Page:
F-35 conducts first Shipborne Rolling Vertical Landing on HMS Queen Elizabeth


An F-35 has conducted the first Shipborne Rolling Vertical Landing on-board aircraft carrier HMS Queen Elizabeth.

The Shipborne Rolling Vertical Landing (SRVL) is a British endeavour—a capability at least a decade in the making—that will allow pilots to return to ship with more stores on the aircraft after a mission.

It is a process designed to land jump-jet aircraft that uses both the vertical thrust from the jet engine and lift from the wings, thus maximising the payload an aircraft can return with and stopping the financial waste that comes with dropping expensive weaponry in the sea in order to land vertically.

Since June, The F-35 Patuxent River Integrated Test Force (ITF) team had focused on live flying workups refreshing their skills on day and night field carrier landing practices, ski jump takeoffs and vertical landings in preparation for the arrival of HMS Queen Elizabeth.

Earlier in the year, the team also conducted rolling vertical landings in preparation for trials on HMS Queen Elizabeth, according to a recent release.

“[Rolling vertical landings] are an important phase of the workups because another unique aspect of going to the Queen Elizabeth Class carrier is that we will be conducting experimental testing of a novel recovery landing technique—the Shipborne Rolling Vertical Landing” said Royal Air Force Sq. Ldr. Andy Edgell, FOCFT (FW) lead test pilot at the Pax River ITF.

“SRVL tests are truly experimental. It involves landing a fast jet onto an aircraft carrier with forward relative speed but without the braking assistance typically provided by an arresting gear and hook. It’s going to be a really rewarding moment for British aviation to watch that procedure actually take place.”

It can also reduce the level of wear on the lift engines and extend their operational life. Similarly, it can reduce the amount of wear upon the deck surface of a carrier caused by the downward jet exhaust from vertical landings.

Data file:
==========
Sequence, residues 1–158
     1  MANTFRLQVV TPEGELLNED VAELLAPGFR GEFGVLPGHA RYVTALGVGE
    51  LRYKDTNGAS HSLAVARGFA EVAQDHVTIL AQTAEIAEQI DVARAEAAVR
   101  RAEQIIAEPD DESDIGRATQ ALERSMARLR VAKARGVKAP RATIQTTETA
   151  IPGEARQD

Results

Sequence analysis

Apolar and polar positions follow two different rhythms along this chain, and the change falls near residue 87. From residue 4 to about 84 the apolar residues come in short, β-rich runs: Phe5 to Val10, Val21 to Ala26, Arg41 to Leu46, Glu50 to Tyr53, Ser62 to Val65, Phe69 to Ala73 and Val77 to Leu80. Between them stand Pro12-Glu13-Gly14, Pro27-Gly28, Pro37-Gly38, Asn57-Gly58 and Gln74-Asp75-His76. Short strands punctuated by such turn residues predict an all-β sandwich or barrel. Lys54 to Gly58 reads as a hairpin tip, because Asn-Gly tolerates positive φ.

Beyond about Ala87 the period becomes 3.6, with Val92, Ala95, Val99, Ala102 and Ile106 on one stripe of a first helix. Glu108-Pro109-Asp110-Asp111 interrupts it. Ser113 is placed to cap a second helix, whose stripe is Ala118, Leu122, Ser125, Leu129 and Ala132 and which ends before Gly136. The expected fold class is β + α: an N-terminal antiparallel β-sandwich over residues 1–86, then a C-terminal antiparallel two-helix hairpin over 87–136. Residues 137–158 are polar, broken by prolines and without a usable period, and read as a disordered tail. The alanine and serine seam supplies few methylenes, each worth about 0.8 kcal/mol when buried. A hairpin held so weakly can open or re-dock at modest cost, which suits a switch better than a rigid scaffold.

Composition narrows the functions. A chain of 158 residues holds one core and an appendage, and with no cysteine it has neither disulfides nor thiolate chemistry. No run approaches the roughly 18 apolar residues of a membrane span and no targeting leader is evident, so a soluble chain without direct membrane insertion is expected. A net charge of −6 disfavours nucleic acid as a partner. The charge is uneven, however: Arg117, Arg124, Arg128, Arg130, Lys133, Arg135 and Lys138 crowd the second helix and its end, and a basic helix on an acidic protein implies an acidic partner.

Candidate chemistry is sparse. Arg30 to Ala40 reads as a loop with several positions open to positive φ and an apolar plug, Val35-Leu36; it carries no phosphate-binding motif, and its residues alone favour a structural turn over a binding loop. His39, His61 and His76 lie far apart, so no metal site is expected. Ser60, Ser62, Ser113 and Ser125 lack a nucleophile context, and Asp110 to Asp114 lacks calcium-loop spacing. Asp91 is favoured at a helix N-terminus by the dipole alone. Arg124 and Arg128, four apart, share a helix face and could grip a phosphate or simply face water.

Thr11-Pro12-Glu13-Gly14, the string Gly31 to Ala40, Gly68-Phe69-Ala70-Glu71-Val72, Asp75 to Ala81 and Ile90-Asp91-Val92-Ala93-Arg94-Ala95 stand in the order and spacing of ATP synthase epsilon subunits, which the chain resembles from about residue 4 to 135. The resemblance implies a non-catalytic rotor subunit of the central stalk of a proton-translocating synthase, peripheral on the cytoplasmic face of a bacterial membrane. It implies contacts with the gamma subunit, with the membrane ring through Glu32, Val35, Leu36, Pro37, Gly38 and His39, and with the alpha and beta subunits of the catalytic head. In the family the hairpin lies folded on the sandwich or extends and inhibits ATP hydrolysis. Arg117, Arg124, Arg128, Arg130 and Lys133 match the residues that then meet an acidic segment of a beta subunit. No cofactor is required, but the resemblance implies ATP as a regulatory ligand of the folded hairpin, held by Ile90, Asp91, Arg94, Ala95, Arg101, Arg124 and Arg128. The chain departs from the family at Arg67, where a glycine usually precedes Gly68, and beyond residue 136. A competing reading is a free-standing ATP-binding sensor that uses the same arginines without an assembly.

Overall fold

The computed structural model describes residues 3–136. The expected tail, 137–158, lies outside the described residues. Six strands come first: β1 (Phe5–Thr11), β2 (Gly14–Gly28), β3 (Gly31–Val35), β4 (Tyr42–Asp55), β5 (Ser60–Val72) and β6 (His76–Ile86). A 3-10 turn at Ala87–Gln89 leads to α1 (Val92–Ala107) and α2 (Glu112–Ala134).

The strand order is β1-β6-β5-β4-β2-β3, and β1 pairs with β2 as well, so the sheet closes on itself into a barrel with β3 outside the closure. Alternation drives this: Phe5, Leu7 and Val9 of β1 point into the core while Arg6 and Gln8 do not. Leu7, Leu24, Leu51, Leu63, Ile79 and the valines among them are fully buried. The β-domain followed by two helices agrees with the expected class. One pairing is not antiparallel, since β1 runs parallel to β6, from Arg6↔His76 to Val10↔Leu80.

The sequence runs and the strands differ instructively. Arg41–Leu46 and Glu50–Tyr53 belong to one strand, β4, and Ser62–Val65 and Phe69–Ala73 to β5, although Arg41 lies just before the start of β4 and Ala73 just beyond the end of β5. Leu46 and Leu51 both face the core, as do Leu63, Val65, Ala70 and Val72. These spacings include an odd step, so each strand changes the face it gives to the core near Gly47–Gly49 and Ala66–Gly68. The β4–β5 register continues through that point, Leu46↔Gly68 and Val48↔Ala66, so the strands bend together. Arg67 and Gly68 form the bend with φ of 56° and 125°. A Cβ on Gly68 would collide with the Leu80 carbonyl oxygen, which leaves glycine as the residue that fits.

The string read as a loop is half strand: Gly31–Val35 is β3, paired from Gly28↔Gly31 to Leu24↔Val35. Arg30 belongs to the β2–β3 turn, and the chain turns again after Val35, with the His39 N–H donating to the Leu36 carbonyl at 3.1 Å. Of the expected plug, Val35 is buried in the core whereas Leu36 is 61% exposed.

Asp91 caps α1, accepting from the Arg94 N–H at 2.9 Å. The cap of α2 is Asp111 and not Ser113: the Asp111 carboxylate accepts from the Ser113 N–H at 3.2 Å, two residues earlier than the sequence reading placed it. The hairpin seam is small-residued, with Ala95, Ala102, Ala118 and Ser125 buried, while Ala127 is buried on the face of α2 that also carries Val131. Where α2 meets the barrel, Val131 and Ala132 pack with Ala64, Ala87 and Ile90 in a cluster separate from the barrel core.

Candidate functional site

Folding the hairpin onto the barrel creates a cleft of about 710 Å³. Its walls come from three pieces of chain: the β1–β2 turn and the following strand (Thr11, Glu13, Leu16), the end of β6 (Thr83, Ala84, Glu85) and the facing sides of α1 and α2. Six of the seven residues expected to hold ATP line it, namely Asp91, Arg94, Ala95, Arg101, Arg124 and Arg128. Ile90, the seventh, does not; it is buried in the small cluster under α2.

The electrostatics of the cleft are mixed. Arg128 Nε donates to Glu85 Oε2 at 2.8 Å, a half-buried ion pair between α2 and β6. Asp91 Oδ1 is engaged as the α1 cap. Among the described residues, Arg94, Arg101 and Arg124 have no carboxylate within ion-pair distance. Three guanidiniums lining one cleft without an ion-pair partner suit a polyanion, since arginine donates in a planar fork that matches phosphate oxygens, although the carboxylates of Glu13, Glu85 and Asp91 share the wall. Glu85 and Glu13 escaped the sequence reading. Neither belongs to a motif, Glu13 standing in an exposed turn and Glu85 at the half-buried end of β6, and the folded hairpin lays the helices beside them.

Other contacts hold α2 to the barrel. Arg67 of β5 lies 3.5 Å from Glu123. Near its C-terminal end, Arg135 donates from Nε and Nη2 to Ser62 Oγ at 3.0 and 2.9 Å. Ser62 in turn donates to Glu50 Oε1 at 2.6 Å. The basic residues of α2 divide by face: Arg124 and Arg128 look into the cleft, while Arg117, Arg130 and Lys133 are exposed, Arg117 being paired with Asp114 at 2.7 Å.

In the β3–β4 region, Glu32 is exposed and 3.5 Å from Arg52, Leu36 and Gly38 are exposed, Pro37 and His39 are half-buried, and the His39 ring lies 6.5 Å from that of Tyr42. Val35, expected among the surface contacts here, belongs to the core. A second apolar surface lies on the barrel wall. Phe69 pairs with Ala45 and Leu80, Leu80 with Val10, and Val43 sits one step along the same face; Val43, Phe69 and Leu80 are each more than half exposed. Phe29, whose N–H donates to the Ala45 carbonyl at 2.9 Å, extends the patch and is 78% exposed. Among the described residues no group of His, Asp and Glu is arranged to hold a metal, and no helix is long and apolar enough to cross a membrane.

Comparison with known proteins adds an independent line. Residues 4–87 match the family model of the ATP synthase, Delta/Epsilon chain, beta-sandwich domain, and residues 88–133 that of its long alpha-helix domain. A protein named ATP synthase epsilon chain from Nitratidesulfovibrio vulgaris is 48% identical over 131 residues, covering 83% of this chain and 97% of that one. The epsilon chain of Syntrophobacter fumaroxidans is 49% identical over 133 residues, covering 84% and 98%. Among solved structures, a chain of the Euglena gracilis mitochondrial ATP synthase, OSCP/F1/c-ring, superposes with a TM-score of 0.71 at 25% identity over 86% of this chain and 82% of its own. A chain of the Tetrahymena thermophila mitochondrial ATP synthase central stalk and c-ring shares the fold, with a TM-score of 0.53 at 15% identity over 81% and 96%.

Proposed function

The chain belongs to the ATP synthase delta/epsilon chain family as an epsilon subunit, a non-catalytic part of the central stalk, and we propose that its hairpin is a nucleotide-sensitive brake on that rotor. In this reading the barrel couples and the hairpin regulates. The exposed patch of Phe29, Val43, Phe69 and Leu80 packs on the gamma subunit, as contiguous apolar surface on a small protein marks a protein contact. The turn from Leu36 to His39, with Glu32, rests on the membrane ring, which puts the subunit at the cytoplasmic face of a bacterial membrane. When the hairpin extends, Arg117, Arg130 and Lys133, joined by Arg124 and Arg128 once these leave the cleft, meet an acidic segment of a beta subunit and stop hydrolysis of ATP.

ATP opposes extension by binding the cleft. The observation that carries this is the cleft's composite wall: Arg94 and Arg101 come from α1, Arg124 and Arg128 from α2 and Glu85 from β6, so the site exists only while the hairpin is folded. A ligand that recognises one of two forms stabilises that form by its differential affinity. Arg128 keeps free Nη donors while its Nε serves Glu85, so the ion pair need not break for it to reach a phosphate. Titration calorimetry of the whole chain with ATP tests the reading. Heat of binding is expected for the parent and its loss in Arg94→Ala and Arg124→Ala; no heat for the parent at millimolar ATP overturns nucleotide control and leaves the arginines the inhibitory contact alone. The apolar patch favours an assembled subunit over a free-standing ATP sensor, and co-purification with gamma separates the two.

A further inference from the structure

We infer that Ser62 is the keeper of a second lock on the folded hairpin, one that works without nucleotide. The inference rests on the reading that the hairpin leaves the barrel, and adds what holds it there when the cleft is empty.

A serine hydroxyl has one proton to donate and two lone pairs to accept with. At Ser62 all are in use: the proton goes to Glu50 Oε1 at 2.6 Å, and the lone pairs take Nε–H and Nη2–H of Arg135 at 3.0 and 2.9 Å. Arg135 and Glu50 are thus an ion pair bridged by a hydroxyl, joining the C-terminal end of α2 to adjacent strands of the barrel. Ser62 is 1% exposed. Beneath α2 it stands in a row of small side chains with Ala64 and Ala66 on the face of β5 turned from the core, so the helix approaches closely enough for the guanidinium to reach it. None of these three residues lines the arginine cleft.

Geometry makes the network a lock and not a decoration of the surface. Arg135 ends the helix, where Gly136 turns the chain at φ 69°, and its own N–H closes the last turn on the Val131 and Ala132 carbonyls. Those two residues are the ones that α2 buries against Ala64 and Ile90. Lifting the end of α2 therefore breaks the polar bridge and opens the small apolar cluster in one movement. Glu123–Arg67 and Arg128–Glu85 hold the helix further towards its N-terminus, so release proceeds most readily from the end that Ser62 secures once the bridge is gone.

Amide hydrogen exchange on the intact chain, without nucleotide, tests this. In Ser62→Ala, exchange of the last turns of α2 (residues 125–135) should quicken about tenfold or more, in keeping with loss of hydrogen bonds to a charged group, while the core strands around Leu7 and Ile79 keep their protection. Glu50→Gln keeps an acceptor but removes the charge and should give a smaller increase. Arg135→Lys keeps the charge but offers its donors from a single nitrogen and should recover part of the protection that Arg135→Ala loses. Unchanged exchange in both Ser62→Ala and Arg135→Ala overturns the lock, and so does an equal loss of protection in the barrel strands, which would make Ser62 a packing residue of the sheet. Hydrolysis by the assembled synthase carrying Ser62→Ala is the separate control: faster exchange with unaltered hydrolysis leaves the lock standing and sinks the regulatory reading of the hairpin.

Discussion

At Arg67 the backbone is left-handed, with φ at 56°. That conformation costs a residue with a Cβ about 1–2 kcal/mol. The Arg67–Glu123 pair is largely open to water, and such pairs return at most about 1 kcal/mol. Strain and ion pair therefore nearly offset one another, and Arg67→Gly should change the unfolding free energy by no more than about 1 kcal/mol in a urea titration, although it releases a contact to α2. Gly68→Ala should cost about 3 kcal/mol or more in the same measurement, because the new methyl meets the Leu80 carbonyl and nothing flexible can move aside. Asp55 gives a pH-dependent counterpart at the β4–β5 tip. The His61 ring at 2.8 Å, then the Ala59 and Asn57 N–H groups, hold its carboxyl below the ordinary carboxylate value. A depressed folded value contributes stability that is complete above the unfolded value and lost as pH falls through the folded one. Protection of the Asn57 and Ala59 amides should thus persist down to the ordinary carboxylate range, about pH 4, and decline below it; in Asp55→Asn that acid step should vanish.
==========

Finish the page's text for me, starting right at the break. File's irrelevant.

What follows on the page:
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John Clark

Fantastic news, progress and confidence really must be going well!

Night flying and RVL’s, what a great start to the fixed wing flying trials.


Great news, after CATOBAR this is the next best way to do carrier ops. Good bit of innovation.


Having watched the video then compared it the F35C landing below, SRVL looks more controlled.



Agree much more controlled and also a very short distance to stop (at least with this first trial) . CATOBAR gives you more options with other planes on top of f35b that is what I meant. Does a CATOBAR landing give you more options with respect to bring back weight?


Agree that it looks very controlled, I was quite surprised just how controlled, but as the first landing I assume this was with zero simulated weapons load and a light-ish fuel load. The characteristics of the landing will change as the bring-home loads are increased which I assume they will be in subsequent tests. Higher loads means more mass means more kinetic and potential energy needing to be shed during the landing.


Not sure on the CATOBAR question. In both instances you would dump fuel. But with CATOBAR you would need to allow for a bolter so wouldn’t dump as much fuel. CATOBAR does give better overall performance ie range and load but it’s hard on the airframe.

Does raise a question is there a bolter procedure for SRVL.


CATOBAR does give you more options as to aircraft types you can fly off the carrier. But they also represent single points of failure. If the catapult or arrestor malfunctions or is damaged then the carrier’s air wing is grounded at best.
The F35B needs neither and could even take off with a reduced weapons load without the ski-jump if that was damaged or destroyed.


Fantastic, been looking forward to this. Was much slower than I thought it would be. I wonder what the wind speed over the deck was.

Very stable approach and touchdown, actually looked a softer landing than a VL.

Mr Bell

Does this approach take some of the massive heat away or distribute the exhaust plume over a wider area. Eg is the deck better protected?
If so brilliant. Will also mean the thermal treated deck areas can be reserved for vertical landings.


Hi Mr. Bell. As I understand it that is one of the main advantages of the SRVL. Even with the best heat resistant coatings in the world the traditional landing must stress the coating and substrate severely not only in degrading film build but in causing delamination over time per the huge temperature gradient through different materials